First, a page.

In Defense of a Liberal-Arts Education A Broader View on Life and Learning, Such as That Offered by Liberal-Arts Colleges, Is Required of America's Leaders

By Thomas E. Cronin. Thomas E. Cronin, president of Whitman College American politics and government. | The Christian Science Monitor, April 21, 1994 | Go to article overview

In Defense of a Liberal-Arts Education A Broader View on Life and Learning, Such as That Offered by Liberal-Arts Colleges, Is Required of America's Leaders


Thomas E. Cronin. Thomas E. Cronin, president of Whitman College American politics and government., The Christian Science Monitor


SPRING is the season when graduating secondary school seniors and their parents make critical decisions about college or university choices.

Students in America are blessed with choices. There are more than 3,000 colleges and universities in the United States, ranging from community colleges and vocational institutions to the finest research universities in the world. Most students will stay close to home. About half will commute from their home to a nearby institution. Eighty-one percent of all first-year college students will attend colleges in their home states. Some 80 percent of matriculating students will attend public colleges and universities. The rest will go to independent or church-related colleges and universities.

There are about 600 independent liberal-arts undergraduate colleges in the US - and incidentally, there are few elsewhere in the world. Liberal-arts colleges are concentrated in great numbers in the Northeast. But excellent liberal-arts colleges exist all over the country, from Davidson and Rhodes in the south to Reed and Whitman in the Pacific Northwest.

Why select a liberal-arts college?

First, liberal-arts colleges celebrate and reward outstanding teachers who have a passion for their subjects and are devoted to helping students learn. An inspiring teacher can profoundly influence a student's life. At liberal-arts colleges, your professor is your teacher; there are almost no graduate-student teaching assistants. The best liberal-arts colleges have dozens of exceptional professors who push their students and engage them one-on-one. Teachers at the best liberal-arts colleges also serve as advisers, mentors, coaches, and role models of what it means to be educated.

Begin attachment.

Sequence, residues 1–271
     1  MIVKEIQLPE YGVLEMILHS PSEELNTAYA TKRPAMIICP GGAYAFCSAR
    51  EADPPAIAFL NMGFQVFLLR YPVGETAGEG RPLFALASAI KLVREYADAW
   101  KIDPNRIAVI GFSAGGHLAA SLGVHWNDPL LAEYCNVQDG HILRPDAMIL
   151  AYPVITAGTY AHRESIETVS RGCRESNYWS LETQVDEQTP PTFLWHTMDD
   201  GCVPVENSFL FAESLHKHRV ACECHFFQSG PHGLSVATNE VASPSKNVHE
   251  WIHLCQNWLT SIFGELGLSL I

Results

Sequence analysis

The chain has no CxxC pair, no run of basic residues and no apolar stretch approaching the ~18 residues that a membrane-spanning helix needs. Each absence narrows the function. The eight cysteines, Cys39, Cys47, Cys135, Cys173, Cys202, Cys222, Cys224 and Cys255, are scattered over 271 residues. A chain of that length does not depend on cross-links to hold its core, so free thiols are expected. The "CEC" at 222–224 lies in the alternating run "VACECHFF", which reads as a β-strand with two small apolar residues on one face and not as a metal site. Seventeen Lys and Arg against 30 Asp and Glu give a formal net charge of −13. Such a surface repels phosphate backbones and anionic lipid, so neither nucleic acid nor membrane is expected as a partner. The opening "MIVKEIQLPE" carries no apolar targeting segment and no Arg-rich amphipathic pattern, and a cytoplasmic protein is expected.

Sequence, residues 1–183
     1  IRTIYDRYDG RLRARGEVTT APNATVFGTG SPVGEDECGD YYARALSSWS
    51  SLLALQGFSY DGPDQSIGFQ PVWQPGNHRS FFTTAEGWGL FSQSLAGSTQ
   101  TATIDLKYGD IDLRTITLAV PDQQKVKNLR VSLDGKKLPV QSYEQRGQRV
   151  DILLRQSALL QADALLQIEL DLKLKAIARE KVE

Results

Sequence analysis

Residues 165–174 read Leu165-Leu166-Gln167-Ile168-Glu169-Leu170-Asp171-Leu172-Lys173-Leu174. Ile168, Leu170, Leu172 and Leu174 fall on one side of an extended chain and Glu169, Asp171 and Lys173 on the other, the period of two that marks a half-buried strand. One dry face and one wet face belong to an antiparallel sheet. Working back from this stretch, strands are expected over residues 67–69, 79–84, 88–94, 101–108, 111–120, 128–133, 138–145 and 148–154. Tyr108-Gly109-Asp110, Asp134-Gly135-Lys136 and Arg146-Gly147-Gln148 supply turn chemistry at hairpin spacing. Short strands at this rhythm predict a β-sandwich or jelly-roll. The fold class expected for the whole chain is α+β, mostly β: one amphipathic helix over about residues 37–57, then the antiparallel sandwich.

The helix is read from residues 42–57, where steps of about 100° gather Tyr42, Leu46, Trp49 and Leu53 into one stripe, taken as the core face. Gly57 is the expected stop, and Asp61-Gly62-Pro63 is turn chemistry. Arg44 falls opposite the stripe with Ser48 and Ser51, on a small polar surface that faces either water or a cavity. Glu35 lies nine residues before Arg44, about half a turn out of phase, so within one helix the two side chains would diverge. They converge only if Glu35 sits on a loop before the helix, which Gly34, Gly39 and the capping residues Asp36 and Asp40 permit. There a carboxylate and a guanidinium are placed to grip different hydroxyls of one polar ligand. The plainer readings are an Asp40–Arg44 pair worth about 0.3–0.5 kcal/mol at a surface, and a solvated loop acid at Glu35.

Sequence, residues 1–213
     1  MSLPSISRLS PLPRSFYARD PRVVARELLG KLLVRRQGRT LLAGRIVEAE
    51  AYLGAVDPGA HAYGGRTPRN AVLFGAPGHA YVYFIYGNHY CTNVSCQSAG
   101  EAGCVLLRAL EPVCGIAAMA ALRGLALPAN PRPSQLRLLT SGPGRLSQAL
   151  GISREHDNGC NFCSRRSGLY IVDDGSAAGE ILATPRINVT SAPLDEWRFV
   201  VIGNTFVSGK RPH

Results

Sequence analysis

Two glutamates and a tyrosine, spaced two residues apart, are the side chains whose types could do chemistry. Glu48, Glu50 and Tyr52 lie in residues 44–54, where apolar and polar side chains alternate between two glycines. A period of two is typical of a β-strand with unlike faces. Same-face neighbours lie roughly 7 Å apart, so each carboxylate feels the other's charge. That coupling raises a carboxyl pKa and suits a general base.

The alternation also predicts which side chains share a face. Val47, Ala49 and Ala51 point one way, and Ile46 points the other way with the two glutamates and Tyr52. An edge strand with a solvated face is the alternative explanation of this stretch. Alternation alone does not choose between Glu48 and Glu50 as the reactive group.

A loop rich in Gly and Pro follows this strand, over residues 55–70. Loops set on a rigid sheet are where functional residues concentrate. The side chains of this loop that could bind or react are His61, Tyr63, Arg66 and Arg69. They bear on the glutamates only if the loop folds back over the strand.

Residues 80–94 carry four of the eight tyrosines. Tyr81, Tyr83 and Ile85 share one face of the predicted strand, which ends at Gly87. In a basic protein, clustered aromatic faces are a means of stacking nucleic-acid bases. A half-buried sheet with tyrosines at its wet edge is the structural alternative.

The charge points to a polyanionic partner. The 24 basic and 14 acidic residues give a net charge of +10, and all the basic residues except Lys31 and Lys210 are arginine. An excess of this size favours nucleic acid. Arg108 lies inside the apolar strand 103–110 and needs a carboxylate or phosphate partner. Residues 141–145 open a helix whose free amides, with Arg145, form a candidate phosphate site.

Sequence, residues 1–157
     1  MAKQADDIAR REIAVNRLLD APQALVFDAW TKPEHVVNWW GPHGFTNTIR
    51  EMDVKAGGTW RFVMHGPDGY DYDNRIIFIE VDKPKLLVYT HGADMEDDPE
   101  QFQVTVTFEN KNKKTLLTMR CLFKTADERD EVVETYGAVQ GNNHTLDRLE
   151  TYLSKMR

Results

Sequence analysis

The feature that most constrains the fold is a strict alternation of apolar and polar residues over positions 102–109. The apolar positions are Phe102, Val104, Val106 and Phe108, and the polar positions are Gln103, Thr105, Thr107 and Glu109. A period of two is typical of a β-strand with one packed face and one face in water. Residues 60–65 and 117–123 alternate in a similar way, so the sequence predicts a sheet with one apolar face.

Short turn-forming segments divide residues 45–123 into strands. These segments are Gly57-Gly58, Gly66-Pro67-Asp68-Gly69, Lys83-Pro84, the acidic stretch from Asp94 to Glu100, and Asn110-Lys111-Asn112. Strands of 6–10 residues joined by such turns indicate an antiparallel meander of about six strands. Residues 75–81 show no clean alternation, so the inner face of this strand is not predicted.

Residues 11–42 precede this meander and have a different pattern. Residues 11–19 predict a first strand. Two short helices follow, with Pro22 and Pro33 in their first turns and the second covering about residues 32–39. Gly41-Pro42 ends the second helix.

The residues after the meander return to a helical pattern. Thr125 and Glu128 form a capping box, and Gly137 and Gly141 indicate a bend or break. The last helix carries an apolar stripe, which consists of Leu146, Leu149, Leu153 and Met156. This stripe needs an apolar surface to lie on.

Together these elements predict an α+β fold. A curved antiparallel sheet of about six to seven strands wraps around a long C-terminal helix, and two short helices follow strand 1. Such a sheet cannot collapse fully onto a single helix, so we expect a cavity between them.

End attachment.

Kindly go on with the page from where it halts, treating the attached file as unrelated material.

Second, in liberal arts colleges, learning is viewed as a verb, not a noun. Learning is viewed as a process of stretching, exploring, and thinking critically rather than as memorization and feeding facts back to professors on quizzes and exams. Liberal-arts colleges challenge students to write, to debate, to participate actively in small classes and seminars, to conduct independent research, to examine existing theories, tear them apart, and put them back together again.

Third, a liberal-arts college is an ideal place to explore what it means to be a human being, to debate the obligations of citizenship, to learn about democracy and market economics and their alternatives.

It also is a splendid place for reading and rereading the classics - Plato, Aristotle, Sophocles, Kant, Hegel, Shakespeare, Rousseau, Marx, Smith as well as Jefferson and Madison. And it is an excellent place for exploring non-Western literature and alternative ideologies and religions, and to learn about Muslim, Buddhist, or African philosophy. …

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